Carnegie Mellon University

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May 06, 2021

Celebrate World P@$$w0rd Day

May 6th is World Password Day and it’s as good of a time as any to ensure that your passwords are safe and secure. Due to the COVID-19 pandemic, this past year resulted in more of our lives taking place online. Food delivery services, video streaming sites, grocery delivery apps, and online shopping accounts are just a few of the new digital services that were used in order to help us through our seemingly never-ending days at home.  While ordering a gourmet meal on the couch in pajamas is convenient, creating multiple new accounts can lead to risky password behaviors such as password reuse.

Reusing passwords is often the most common way hackers are able to break into an account and steal personal data. When a person reuses a password across multiple sites, and one of those services has a data breach exposing passwords, all other accounts that use the same password become compromised. To help keep your new and old accounts secure, implement some of the password security tips below!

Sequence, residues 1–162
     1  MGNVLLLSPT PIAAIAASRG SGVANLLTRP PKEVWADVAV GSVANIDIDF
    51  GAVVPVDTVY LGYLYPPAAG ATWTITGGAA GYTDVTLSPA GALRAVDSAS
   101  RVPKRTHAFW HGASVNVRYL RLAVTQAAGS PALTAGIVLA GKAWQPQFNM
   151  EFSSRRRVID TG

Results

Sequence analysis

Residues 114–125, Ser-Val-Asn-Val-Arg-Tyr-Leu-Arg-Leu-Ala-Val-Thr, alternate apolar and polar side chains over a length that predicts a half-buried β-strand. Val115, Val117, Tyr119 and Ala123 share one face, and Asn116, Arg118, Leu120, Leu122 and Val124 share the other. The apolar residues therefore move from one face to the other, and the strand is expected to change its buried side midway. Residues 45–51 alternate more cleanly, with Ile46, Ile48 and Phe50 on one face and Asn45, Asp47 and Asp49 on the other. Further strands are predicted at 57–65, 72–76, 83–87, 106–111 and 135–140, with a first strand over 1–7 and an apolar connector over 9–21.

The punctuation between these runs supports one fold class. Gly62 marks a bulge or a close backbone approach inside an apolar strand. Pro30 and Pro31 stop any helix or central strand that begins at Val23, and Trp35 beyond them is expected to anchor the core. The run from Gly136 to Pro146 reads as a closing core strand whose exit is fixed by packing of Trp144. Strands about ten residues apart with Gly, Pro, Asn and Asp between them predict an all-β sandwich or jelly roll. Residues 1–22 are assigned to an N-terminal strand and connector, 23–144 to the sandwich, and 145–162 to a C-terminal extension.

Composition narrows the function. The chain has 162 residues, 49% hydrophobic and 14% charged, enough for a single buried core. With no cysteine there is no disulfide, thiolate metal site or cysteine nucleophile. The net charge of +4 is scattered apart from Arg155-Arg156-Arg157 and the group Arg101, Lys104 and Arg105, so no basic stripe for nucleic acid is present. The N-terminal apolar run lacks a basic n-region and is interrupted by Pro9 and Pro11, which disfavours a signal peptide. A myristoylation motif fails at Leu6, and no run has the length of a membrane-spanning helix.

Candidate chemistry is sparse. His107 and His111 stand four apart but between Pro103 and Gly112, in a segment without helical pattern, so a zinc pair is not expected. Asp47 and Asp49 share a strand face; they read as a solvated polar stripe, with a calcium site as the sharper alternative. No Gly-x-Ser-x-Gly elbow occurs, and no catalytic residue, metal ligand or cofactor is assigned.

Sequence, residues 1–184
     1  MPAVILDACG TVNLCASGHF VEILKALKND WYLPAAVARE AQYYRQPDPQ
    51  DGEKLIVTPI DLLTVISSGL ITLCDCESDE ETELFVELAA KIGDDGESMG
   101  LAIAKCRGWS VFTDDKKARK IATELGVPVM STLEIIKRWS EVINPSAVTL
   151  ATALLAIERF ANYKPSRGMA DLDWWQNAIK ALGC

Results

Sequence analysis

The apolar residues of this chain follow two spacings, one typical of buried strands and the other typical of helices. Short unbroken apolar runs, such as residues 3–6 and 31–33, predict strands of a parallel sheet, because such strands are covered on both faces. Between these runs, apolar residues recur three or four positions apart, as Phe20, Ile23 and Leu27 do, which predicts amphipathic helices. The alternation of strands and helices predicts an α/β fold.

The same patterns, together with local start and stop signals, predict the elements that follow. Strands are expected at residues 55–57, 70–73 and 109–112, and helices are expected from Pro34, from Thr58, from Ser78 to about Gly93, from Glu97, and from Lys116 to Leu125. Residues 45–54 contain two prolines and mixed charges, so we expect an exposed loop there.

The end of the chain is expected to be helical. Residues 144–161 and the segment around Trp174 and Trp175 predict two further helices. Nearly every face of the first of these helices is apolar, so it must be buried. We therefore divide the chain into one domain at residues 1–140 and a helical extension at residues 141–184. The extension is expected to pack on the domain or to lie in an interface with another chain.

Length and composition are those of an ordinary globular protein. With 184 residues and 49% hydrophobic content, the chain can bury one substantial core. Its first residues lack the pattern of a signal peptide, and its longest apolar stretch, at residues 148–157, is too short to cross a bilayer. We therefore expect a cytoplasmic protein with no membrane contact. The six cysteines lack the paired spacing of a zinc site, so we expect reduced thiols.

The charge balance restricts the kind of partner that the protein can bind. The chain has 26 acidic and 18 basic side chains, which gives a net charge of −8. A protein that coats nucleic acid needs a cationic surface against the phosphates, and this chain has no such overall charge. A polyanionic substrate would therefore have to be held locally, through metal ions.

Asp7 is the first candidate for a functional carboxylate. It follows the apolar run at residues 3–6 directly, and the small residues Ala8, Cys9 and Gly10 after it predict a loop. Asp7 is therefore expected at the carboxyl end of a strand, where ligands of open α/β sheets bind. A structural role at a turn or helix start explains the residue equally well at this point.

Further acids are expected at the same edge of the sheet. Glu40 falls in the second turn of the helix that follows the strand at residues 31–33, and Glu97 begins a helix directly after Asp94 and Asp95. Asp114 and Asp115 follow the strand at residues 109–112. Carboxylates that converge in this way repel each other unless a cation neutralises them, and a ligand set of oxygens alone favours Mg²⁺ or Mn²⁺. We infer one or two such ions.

• Enable 2fa for your accounts: 2-factor authentication (2fa) acts as an extra layer of security by requiring a 2nd form of authentication. This way, if an attacker does manage to get a hold of your password, they will still need the 2nd factor which is often in the form of a one-time passcode or facial/thumbprint recognition from a smart phone. Check the 2fa directory to see if your accounts have the option to enable 2fa.
  • Use a password manager: A password manager is a personal database of your passwords. It will generate random strong passwords for new accounts and store them securely so that you don’t have to. You only need to remember one master password which grants you access to your entire password database. Get started using password managers today!
  • Check on your accounts: If a company has a data breach where personal information such as passwords were exposed, the breach becomes public knowledge. Use the service to check if your email accounts have been compromised. When you enter your email address, the service will check to see if that email was associated with a company website where data was leaked. If there are any companies on that list, change your password on the company’s website and enable 2-factor authentication.

Visit the ISO’s Lock Down Your Login for more on password management. You can also try the Carnegie Mellon University CyLab Password Meter which provides real-time feedback on what makes a password secure. Since this is only a demo, please don’t type in your real password on the page.